I like media. Bart and I watch a fair amount of television shows together, I love my smartphone, and I use the computer a lot. A lot, a lot, actually.
When it comes to my children, though, I’m pretty serious about keeping a tight rein on their media exposure. I certainly recognize that digital skills are pretty vital to keeping up in today’s world, and I want them to have those skills, but I also am determined to make sure they are not reliant on passive media to keep them entertained.
From the beginning, I was pretty set on keeping it low because I didn’t want to keep Ella away from screens diligently until she was two and then set her loose, because we always planned on having more children and I didn’t want THEM to be exposed to them really early.
Also, it makes me crazy when people say, “just wait until you have children!” because, yes, your opinions may change when you have children, but just because you have children doesn’t mean you can’t stick to your guns on topics that are important to you. And exposure to television and other digital entertainment is an important topic to me.
I don’t know that there is a perfect solution, and I certainly don’t think the way our family handles it is the best way ever, but I thought I’d share where we’re at currently.
- The iPhone. I have three folders full of apps for kids (Emily Kate often posts about free apps and I usually download anything she recommends). I like having these as options to keep her occupied when needed, but I also try really hard not to rely on it too much. When we go out on a Saturday family outing that involves any large amount of driving, we almost always let her play while we drive (otherwise, she asks for stories the entire time, and Bart and I would rather talk to each other). She also occasionally will ask to play on my phone in the morning while I shower. Perhaps once or twice a week, I let her, and sometimes I offer a different activity, like assembling her puzzles or coloring instead. During the first trimester of my pregnancy, Ella definitely played with my phone a little more frequently, but I tried to make up for it by keeping it for the moments where I just desperately needed to lay on the bed and try not to throw up, and I was more strict about it not being used at other times, so overall, she probably didn’t use it too much more than normal. I do not let her use it while we run errands or are waiting at an appointment.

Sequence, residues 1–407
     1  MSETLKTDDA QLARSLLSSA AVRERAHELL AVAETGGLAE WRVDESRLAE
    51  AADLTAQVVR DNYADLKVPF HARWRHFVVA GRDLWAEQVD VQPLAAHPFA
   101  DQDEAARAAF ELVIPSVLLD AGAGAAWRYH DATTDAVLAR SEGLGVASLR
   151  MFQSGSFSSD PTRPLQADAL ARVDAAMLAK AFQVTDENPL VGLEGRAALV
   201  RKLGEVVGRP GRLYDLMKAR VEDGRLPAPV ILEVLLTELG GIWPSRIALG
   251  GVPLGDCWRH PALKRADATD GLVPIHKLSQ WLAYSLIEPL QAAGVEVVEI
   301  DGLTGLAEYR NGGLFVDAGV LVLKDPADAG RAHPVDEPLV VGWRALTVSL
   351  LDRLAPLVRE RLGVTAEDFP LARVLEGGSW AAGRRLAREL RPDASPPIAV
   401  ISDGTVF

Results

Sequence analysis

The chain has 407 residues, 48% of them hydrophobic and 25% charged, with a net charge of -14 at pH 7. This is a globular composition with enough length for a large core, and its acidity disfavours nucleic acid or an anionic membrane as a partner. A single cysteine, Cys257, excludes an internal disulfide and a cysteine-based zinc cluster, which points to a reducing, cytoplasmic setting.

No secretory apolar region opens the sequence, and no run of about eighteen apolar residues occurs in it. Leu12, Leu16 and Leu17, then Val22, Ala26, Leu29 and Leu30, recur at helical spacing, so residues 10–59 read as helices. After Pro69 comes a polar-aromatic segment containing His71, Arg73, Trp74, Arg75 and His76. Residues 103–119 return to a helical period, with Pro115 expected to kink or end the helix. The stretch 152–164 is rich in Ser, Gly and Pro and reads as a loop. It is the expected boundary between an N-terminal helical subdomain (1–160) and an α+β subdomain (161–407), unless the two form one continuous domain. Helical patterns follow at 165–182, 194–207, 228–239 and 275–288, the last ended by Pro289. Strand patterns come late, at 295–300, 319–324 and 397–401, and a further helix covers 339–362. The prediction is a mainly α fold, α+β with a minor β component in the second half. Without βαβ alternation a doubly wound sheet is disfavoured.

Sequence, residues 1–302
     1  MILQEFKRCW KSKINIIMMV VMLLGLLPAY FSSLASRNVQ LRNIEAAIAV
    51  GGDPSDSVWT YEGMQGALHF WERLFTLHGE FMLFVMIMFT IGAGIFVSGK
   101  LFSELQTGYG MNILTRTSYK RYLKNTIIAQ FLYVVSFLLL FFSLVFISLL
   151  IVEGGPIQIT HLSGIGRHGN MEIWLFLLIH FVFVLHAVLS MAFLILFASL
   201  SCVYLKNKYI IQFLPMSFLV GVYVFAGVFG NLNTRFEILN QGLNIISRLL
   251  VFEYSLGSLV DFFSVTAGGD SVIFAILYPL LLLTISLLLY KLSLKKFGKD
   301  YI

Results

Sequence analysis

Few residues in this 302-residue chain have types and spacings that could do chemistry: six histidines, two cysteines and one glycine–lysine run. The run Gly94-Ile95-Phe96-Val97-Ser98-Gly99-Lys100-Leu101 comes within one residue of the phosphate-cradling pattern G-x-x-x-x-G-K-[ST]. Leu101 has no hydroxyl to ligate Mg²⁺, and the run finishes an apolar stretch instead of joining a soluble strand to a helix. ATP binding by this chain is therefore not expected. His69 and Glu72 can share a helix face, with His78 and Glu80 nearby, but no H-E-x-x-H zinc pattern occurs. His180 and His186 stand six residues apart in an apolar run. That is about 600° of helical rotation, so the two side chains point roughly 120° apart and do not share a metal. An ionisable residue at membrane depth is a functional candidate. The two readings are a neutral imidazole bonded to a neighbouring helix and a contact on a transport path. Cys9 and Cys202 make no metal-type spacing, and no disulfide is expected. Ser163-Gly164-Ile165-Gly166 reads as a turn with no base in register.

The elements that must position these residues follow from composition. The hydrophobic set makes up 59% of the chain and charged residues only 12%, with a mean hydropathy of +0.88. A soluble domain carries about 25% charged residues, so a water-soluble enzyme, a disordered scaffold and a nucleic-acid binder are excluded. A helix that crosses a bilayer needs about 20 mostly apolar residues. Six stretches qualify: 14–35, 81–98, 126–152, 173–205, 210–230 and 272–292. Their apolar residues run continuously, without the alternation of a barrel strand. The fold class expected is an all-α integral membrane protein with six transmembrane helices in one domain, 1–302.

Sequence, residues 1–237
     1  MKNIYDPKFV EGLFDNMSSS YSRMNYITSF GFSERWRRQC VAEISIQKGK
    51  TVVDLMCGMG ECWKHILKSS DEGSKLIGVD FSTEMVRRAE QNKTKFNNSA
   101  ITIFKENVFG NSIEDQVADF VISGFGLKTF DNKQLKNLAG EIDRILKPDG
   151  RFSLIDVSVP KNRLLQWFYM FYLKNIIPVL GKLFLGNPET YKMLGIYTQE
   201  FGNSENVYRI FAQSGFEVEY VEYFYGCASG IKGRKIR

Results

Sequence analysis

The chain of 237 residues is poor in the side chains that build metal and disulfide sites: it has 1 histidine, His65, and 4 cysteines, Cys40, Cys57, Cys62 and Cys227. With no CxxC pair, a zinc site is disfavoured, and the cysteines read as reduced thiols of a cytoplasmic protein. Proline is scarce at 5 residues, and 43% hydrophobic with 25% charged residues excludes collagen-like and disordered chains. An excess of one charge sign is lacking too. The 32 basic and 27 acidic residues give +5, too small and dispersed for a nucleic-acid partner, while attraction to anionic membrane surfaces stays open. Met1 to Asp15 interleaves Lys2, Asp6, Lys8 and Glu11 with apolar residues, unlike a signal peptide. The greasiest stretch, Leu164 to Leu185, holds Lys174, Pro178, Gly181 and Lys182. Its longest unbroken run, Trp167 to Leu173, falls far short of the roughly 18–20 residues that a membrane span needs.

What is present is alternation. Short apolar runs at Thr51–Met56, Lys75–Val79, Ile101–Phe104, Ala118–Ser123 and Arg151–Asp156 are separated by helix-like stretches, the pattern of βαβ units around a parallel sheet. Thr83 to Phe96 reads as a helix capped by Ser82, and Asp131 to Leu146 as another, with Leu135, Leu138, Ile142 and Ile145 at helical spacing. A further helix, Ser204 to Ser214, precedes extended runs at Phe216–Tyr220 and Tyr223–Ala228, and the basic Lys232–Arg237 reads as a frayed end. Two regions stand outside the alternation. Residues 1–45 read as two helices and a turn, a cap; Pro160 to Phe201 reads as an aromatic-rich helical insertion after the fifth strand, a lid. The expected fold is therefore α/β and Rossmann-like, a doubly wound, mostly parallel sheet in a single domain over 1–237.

- The iPad. Bart suggested that we not let Ella use the iPad and we’ve stuck to that pretty well. She has never used it on her own, and the only child app we have on there is Bookboard (which she can’t really do on her own anyway, because she needs me to read the books to her). We occasionally will watch a few YouTube videos together, but that’s it.
- Movies. We own about twenty Disney movies, all on VHS, because every time we go to a garage sale, and the seller discovers we own a VHS player, they let us pay for one (usually at about fifty cents) and then press us to take every other one we’re interested in. Ella will watch about 20 minutes of a video but then she is done. I believe the only ones she’s watched are The Lion King and Tarzan (she likes animals more than princesses). This goes in spurts – she might watch something two days in a row and then not again for a month or two. I think it’s been at least six weeks since we watched any movies. And one or both of us always watches with her.
- Television. She basically never watches television shows, either on our television or on another digital device. She’s seen a five minute clip of a Sesame Street episode on the iPad once, and yesterday, for the first time, we watched an episode of Mickey Mouse Clubhouse as a family while Ani was taking a nap. I grew up in a television-free home, and I just generally dislike most children’s programming. I cannot stand the background noise of television, and so it’s just not something we’ve ever done, and I have no plans to introduce it to her.
- The Computer. This is where she gets the most screen time. Once or twice a week, she’ll play for thirty or forty minutes in the morning while I do other things (read, do laundry, cook, shower) and occasionally, she’ll play while I work on dinner, although generally she prefers to help me cook. She loves the Jacquie Lawson advent calendars (we have two Christmas ones from my in-laws, and a circus one from my parents). She also really likes the Curious George Busy Day games on PBS.com and Starfall and Tumblebooks (which is free through our library). I like computer games the most because our computer is not portable (so she’s not asking for it when we’re out of the house) and because it’s more interactive than watching a television show or movie.
I think it’s a moving target as our children grow older, the needs of our family changes, and school and work situations adjust. But for now, this is working pretty well.